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Manage schizophrenia with individualized care


Slow-release depot antipsychotics help manage schizophrenia.

Schizophrenia is a chronic disease associated with significant direct and indirect healthcare costs. Nonadherence to antipsychotic treatment has emerged as a significant contributing cost factor due to its direct association with clinical relapse.

Poorly adherent patients with schizophrenia are 2.4 times more likely to be admitted to hospital than patients with good adherence. Conversely, Medicaid inpatient cost reductions for improved adherence to antipsychotic therapy have been estimated at more than $100 million.

Treatment adherence, relapse, rehospitalization and associated healthcare costs differ among various antipsychotic pharmacologic agents and formulations (oral compared with depot antipsychotics). Use of (slow-release) depot antipsychotics has been associated with increased adherence, reduced hospitalization and decreased healthcare costs compared with oral agents. One antipsychotic therapy switching study (oral to depot agents) reported a 50% decline in psychiatric hospitalizations, two days shorter mean hospitalization stay, and a 30% reduction in total costs. Despite this evidence, depot antipsychotics continue to be underutilized and are still mainly perceived as a "last resort" for nonadherent patients.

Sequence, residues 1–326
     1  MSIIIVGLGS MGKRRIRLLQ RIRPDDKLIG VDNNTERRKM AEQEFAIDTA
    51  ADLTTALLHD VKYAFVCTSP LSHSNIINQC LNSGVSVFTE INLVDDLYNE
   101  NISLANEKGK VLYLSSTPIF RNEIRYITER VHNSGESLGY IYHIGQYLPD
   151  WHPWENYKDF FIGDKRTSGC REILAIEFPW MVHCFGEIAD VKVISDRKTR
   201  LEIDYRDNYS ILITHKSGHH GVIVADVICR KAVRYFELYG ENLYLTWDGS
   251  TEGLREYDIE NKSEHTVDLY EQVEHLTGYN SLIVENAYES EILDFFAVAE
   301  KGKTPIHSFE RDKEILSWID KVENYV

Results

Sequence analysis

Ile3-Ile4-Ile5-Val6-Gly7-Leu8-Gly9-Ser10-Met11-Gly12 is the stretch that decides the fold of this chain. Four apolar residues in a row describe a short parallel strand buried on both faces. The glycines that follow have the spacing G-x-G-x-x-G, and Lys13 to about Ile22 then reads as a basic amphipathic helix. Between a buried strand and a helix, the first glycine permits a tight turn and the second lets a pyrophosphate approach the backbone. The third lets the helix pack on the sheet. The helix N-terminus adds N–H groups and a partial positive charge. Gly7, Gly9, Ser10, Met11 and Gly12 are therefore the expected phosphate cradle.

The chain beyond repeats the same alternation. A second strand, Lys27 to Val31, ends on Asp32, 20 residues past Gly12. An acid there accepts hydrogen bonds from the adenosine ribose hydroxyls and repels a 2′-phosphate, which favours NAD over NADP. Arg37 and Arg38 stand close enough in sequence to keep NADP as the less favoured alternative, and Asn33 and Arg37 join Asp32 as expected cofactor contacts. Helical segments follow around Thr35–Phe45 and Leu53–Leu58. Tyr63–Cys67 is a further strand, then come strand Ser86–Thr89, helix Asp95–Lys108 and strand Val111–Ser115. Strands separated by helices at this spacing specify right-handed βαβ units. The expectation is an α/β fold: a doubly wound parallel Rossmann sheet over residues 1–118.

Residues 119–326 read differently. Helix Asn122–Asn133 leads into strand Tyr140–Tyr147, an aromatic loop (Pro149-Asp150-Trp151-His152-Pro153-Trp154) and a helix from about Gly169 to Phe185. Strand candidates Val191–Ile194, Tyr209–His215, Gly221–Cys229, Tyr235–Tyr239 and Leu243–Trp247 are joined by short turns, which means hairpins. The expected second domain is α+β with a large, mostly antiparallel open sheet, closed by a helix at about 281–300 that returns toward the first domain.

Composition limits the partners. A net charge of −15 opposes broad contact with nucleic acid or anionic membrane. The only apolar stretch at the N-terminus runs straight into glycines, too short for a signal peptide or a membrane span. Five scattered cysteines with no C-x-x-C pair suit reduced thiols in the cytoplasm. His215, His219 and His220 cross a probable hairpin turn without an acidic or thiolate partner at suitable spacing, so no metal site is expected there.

A team approach to care coordination, including decision support for best practices, and personalized patient support will be key to realizing value in various treatment alternatives. Moreover, innovative approaches to individually tailored medication regimens will be needed to address the multiple determinants that contribute to nonadherence. In 2009, expert consensus guidelines supported such a multifaceted approach to address the multiple barriers to patient adherence.

Better evidence-based approaches for identification and risk stratification of appropriate patients will be key, particularly for early-stage or newly diagnosed patients.

In summary, nonadherence to antipsychotic medications and the management of patients with schizophrenia account for significant costs for the healthcare system. Nonadherence is critically relevant to all stakeholders in the management of schizophrenia, including payers, formulary decision makers, administrators, healthcare practitioners, patients and their families. This challenging condition will require not only new and better tolerated antipsychotic agents, but more individualized treatment approaches.

Stephen J. Boccuzzi is vice president, Health Economics & Outcomes Research and Field Medical Strategy for Otsuka America Pharmaceutical, Inc.

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